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The federal moratorium on student loan payments will end Sept. 30, while the notion of a further extension is growing.

On March 27, 2020, Congress passed the Coronavirus Aid, Relief, and Economic Security (CARES) Act, which included a variety of bills intended to provide relief to the American public during the pandemic and quarantine. Included in the CARES Act was a moratorium on federal student loan payments. This bill also temporarily dropped the interest rate for student loans to 0 percent and ceased the collection of defaulted loan payments, giving many struggling college graduates a chance to catch up on defaulted payments and work toward paying off their education. 

The moratorium is currently set to end Sept. 30, meaning graduates will be required to resume making payments Oct. 1.

Iowa State’s Director of the Student Financial Aid Office Roberta Johnson offered some ideas to keep students in better financial shape.

“If students don’t already know, they should find out who their current loan servicing agent is," Johnson said. "The Department of Education holds the paper on the loan, but one of these contractors is actually going to be the servicing agent,” Johnson said. ”Students need to go out and confirm with the servicer their current address, telephone number, email, all of that sort of thing.”

Students can visit the Iowa State financial aid website to find out what servicing agent their loans are through.

“Graduates also should confirm their loan balances and really make sure they understand how much they owe," Johnson said. "They need to understand the status of their loans. For students who have previously been in repayment and need to reengage, they need to double check that their bank info is still accurate, particularly if they are having automatic payments deducted to pay on their student loans.” 

As for students who have not yet started making payments, Johnson recommends looking into what options are available.

“Students who have not made any payments yet just need to know what their payment options are," Johnson said. "… Do they want to go into a standard repayment and pay it off in 10 years? Do they want to utilize the extended payment plans, which can lower monthly payments but increase the amount of interest and their total payments over the life of their loans?” 

Johnson also pointed out there is not a prohibition on students making a payment on their loans now if they choose to, it’s just not required. So for many students, it might make sense to start making payments on their loans and get into a habit of making those payments on their loan.

The biggest challenge for the Office of Student Financial Aid this October will be getting the word out to Iowa State graduates that they will be required to resume paying student loans. Unfortunately, Iowa State often does not have updated contact information for graduates, meaning the most up-to-date information is likely on file with whichever loan servicing agent the graduate is using.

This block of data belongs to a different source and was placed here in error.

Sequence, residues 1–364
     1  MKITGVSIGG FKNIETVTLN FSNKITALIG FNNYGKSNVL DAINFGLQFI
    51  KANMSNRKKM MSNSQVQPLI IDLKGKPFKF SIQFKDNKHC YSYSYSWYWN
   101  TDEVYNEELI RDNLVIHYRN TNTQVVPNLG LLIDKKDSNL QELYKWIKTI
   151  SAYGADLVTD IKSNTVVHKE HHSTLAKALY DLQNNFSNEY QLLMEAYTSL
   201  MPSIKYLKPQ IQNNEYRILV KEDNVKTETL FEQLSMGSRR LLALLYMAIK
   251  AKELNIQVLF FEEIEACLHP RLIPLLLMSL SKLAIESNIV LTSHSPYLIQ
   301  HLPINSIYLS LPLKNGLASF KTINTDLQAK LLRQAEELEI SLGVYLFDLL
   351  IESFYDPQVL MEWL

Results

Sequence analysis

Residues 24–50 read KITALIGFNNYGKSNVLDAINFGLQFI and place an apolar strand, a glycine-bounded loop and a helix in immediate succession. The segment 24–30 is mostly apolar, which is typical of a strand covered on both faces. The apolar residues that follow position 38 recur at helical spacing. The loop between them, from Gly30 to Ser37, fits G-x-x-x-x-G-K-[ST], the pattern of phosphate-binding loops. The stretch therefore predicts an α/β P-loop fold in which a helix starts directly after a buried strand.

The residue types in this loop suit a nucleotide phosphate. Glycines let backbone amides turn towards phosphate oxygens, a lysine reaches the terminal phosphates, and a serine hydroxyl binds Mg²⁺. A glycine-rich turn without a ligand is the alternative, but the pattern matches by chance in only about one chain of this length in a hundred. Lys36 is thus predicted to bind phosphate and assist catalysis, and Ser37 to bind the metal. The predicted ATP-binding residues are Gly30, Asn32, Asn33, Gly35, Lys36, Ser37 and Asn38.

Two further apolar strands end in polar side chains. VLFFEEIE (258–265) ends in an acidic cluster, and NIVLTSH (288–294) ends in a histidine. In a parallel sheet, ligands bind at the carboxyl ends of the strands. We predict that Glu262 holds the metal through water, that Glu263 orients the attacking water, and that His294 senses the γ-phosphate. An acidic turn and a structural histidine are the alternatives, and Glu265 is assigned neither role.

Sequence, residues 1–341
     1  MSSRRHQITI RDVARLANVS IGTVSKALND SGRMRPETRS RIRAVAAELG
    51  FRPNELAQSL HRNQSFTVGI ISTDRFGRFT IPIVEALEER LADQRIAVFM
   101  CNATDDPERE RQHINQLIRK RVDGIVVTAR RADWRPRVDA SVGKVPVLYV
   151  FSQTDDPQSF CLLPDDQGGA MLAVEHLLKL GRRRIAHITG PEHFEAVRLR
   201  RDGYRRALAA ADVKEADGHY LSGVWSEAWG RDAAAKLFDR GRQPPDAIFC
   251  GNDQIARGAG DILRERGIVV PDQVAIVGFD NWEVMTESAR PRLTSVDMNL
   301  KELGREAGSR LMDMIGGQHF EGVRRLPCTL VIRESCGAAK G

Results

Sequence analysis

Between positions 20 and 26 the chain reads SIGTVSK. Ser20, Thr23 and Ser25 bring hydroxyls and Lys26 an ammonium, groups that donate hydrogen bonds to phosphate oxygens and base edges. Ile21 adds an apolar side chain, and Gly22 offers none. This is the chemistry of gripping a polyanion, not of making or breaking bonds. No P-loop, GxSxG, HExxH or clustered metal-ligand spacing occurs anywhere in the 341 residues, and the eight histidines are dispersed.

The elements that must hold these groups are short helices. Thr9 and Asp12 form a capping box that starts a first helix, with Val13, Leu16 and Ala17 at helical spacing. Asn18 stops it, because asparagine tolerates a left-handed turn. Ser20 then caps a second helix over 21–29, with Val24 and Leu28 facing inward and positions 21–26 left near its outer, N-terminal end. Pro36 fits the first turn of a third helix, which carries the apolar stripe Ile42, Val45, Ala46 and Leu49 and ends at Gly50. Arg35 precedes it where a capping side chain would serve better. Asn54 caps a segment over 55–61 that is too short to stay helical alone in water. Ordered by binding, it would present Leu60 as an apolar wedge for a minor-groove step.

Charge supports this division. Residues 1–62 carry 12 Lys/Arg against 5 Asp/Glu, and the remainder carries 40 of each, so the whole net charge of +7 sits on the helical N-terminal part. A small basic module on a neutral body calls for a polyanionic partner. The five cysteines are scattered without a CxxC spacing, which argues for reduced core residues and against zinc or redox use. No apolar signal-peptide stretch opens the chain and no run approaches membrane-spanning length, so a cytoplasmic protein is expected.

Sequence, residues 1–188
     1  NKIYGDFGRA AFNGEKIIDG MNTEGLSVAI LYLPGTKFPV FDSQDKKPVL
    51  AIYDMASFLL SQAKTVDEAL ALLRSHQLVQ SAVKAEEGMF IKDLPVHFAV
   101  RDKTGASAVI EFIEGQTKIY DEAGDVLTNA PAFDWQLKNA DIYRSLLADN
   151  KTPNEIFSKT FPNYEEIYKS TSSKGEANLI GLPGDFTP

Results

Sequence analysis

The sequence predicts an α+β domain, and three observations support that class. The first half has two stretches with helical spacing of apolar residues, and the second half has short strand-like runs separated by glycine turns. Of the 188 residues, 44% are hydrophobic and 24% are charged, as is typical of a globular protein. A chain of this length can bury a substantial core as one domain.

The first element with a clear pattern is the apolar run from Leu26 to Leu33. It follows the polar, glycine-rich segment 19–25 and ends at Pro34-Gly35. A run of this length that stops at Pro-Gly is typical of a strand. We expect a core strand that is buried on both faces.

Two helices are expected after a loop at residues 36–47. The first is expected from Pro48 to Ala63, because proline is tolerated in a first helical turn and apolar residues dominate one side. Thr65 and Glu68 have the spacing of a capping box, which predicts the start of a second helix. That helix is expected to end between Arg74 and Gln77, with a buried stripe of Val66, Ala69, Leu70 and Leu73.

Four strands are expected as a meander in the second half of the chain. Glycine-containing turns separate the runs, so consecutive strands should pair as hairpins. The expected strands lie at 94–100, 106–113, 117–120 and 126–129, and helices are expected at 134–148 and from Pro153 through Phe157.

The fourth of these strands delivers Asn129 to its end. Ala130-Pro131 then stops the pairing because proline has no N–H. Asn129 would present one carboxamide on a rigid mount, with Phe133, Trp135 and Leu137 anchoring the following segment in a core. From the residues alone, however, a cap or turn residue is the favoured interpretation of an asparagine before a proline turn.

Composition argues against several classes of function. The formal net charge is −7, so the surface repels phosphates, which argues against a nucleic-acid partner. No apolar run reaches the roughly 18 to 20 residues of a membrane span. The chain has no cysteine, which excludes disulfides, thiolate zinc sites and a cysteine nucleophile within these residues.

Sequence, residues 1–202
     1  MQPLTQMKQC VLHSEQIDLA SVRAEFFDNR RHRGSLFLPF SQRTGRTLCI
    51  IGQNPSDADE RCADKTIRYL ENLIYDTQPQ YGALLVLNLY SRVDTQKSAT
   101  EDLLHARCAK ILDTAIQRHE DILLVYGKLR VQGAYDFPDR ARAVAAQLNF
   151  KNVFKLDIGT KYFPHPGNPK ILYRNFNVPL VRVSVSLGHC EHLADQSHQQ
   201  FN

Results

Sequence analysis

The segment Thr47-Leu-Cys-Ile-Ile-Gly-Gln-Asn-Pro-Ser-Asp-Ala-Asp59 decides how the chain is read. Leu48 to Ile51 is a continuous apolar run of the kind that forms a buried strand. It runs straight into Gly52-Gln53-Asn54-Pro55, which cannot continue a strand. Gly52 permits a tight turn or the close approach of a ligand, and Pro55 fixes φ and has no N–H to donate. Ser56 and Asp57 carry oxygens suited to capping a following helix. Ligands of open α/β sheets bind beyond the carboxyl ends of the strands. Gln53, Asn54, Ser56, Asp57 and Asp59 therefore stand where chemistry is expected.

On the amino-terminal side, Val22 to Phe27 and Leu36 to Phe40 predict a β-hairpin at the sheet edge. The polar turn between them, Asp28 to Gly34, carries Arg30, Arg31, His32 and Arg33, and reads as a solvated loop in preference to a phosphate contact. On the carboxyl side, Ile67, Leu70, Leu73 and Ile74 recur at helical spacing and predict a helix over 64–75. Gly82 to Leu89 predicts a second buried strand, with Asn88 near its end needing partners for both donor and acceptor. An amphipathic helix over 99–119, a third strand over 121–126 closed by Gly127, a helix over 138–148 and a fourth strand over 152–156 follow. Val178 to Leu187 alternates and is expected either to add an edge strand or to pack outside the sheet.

When it comes to these graduates, the Office of Student Financial Aid is mostly limited to universal announcements for reaching and helping graduates prepare for the end of the moratorium. 

Students who graduated during the moratorium are more easily reachable by Iowa State.

“That’s where we can have the most impact because hopefully, we still have some addresses that work for those students, just so we can remind them [that] while they didn’t have to enter repayment after they graduated because of the moratorium they're gonna have to be in that space,” Johnson said.

Since its beginning, the freeze has been extended multiple times, twice by former President Donald Trump and again by Biden on his first day in office. There has been a lot of talk throughout Congress of extending the moratorium yet again to help smooth the transition into a functioning financial system.

Richard Cordray, chief officer of financial aid for the U.S. Department of Education, wants the moratorium extended to Jan. 31 to give the U.S. Office of Financial Aid time to work toward some hefty reforms. Cordray claims this extension would give time to perform a 90-day audit on the Public Loan Forgiveness Program and expand relief for borrowers, among other things.

Sen. Elizabeth Warren and Sen. Chuck Schumer argue that Biden should cancel $50,000 of debt per borrower. Biden has previously stated he could support up to $10,000 of loan forgiveness per borrower, making the $50,000 request appear lofty.

The U.S. Office of Financial Aid already faces many issues upon the end of the moratorium, one reason being that when the moratorium began, many employees of the office were furloughed, leaving the office understaffed to deal with all the issues that may come about when payments resume.

Another issue the office will have to face is that two of the five servicers in the Department of Education who are contracted to handle student loan borrower accounts have announced they will not be renewing their contracts at the end of this year. This means the millions of accounts handled by these servicers will need to be transferred to other servicers.

Johnson offered this analogy to explain the dilemma: The Department of Education and its financial aid division is like a massive truck halted by the pandemic. After months of sitting out, it will take a lot of energy to get this truck moving again.

Regardless of when the moratorium on student loan payments ends, students need to be prepared to find out about their status with their servicing agent and how to resume making payments. Of course, there's potential for loan forgiveness, promised by Biden, but graduates would be better off being prepared for less pleasant outcomes.

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